Philip Huckin was born in 1952 and grew up in Oxford where he completed an Art and Design Foundation Year at Oxford Polytechnic. Subsequently, from 1972 to 1975, he studied Art and History at The University College of Wales Aberystwyth, where he gained a Bachelor of Arts degree. From 1975 to 1976 he completed a post graduate Art and Design teacher training course at Sussex University and he took up his first teaching post in Hertfordshire in 1976.
During his time in secondary education he worked in the South East, North West and North East of England where he taught Art and Design; managed departments and faculties; directed the curriculum as a Deputy Head Teacher; delivered teaching training; wrote and edited national training materials in Art and Design; and worked as an Education Adviser. During this period of his life, a total of 33 years in secondary education, he continued to draw and paint whenever possible, usually during family holidays, in the firm belief that teachers, through their own personal practice, should stay connected with the subject that brought them into education. Many is the time that his two children went on circular walks in Wales with his wife so that he could stay put and work hard to fill the pages of a sketch book.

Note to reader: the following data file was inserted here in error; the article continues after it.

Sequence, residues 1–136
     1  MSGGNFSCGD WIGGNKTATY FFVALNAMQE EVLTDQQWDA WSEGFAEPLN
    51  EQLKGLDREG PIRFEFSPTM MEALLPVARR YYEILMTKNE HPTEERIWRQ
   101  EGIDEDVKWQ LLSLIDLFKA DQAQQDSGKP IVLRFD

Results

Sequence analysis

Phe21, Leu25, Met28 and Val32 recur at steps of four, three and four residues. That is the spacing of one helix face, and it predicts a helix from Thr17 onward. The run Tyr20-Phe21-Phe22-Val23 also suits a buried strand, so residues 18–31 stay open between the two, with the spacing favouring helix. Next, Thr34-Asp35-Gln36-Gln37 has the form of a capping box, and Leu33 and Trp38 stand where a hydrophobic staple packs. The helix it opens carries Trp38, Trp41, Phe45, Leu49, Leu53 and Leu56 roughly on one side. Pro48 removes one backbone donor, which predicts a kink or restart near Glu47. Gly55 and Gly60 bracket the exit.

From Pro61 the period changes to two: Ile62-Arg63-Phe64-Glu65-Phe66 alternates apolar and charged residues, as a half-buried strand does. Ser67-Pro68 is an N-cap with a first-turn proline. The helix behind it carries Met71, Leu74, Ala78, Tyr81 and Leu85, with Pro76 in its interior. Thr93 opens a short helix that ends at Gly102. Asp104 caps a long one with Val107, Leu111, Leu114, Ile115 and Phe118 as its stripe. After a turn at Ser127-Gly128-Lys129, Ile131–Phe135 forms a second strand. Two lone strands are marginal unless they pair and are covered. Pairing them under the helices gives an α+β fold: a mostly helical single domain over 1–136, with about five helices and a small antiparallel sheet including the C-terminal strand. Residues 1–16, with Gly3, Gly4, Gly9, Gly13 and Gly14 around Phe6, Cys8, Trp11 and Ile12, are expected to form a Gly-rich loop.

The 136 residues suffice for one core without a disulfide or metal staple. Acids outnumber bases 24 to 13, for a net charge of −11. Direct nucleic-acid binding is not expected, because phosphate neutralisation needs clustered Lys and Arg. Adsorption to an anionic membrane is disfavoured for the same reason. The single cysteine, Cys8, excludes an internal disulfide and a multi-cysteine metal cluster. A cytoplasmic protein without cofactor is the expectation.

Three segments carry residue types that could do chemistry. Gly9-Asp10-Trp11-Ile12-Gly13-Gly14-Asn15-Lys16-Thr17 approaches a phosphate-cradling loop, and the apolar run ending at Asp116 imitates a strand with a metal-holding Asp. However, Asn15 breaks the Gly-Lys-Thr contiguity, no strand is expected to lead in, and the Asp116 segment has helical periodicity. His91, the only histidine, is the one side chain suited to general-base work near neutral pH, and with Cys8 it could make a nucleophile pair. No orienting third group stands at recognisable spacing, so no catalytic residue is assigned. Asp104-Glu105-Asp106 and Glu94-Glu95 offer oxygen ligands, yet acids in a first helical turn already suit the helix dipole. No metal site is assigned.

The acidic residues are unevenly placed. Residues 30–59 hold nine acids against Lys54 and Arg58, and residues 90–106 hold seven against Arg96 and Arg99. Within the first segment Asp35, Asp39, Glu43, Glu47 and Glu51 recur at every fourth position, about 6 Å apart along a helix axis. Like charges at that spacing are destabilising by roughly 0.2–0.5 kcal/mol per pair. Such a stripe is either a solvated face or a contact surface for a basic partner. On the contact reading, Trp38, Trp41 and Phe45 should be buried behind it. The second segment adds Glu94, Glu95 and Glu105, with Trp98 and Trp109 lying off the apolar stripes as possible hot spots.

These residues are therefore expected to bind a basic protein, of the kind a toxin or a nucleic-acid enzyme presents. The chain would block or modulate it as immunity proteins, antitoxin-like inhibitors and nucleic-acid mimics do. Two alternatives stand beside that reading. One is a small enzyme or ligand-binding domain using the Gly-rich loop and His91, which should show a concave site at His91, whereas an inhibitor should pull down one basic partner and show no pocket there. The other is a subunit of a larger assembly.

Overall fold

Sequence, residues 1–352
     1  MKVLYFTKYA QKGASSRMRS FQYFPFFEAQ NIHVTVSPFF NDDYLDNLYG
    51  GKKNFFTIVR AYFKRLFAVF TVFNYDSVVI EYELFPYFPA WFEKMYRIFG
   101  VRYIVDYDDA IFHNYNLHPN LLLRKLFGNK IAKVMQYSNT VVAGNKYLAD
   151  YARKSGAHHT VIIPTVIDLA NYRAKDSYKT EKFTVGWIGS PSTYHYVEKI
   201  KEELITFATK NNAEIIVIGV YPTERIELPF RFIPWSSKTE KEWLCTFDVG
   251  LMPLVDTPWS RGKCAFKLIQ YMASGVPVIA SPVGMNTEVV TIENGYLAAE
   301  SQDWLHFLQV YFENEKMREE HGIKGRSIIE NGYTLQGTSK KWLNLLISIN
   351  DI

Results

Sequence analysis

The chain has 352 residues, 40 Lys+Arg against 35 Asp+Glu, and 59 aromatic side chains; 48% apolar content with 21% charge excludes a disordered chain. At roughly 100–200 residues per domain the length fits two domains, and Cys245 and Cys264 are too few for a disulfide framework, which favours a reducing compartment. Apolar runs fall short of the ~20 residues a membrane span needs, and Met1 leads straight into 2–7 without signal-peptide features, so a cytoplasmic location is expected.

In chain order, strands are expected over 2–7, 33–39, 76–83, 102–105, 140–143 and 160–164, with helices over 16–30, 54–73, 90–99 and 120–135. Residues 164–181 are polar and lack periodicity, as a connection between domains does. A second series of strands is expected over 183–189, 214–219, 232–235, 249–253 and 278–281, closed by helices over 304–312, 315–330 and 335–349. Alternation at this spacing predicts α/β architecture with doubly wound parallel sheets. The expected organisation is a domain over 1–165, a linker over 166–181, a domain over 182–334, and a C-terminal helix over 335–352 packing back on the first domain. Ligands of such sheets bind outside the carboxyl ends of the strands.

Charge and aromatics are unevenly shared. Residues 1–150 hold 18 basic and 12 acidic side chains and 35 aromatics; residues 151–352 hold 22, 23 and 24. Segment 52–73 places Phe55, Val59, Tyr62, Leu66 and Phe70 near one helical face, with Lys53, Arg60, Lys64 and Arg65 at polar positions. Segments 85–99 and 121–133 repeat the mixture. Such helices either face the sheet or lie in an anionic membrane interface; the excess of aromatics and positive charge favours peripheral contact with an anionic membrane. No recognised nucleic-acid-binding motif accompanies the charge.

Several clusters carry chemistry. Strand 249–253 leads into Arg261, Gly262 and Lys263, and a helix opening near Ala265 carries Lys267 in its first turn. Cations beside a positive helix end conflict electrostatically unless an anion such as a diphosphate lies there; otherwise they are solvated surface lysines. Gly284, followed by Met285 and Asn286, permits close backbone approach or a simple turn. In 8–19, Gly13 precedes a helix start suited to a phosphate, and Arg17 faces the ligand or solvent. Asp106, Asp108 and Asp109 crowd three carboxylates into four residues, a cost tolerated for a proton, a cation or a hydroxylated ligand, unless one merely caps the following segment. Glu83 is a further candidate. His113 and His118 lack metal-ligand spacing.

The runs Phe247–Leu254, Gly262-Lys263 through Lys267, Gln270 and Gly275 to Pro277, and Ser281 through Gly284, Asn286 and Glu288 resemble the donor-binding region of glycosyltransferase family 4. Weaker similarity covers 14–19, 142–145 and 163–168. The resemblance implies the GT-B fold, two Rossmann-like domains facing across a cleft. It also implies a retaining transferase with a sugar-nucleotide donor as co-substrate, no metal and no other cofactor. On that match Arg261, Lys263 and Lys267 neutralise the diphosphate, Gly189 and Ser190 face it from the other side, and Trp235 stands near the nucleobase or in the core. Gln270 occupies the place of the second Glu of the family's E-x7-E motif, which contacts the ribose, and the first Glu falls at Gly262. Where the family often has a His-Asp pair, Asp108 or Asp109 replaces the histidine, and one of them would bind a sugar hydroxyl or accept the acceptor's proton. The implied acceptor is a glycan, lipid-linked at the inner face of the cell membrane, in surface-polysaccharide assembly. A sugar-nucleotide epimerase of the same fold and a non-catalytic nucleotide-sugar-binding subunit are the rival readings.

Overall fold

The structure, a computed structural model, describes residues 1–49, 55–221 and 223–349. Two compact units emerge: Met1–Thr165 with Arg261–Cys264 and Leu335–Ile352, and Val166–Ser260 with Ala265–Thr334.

In 2010 Philip moved from Lincolnshire to Wales to study for an MA in Fine Arts at his old university Aberystwyth where he was awarded a university scholarship and in 2012 he gained a Master’s Degree in Fine Art. The desire to return to Wales had been growing during the final stage of his career with an aspiration to paint and draw the Welsh landscape. No word exists in the English language to describe this longing but Welsh gives the perfect word, Hiraeth, a yearning for a place whose absence makes life incomplete. The study of the landscape formed the focus of the MA and during the course he began to study Welsh in a desire to draw closer to the landscape he was portraying: the names and deep cultural history that pervades the valleys, hills, villages, and man-made structures in Ceredigion.
National Library of Wales, National Collection
Welsh Collection, Museum of Modern Art (MOMA) Wales
The Welsh Collection, Imago Mundi, Luciano Benetton Collection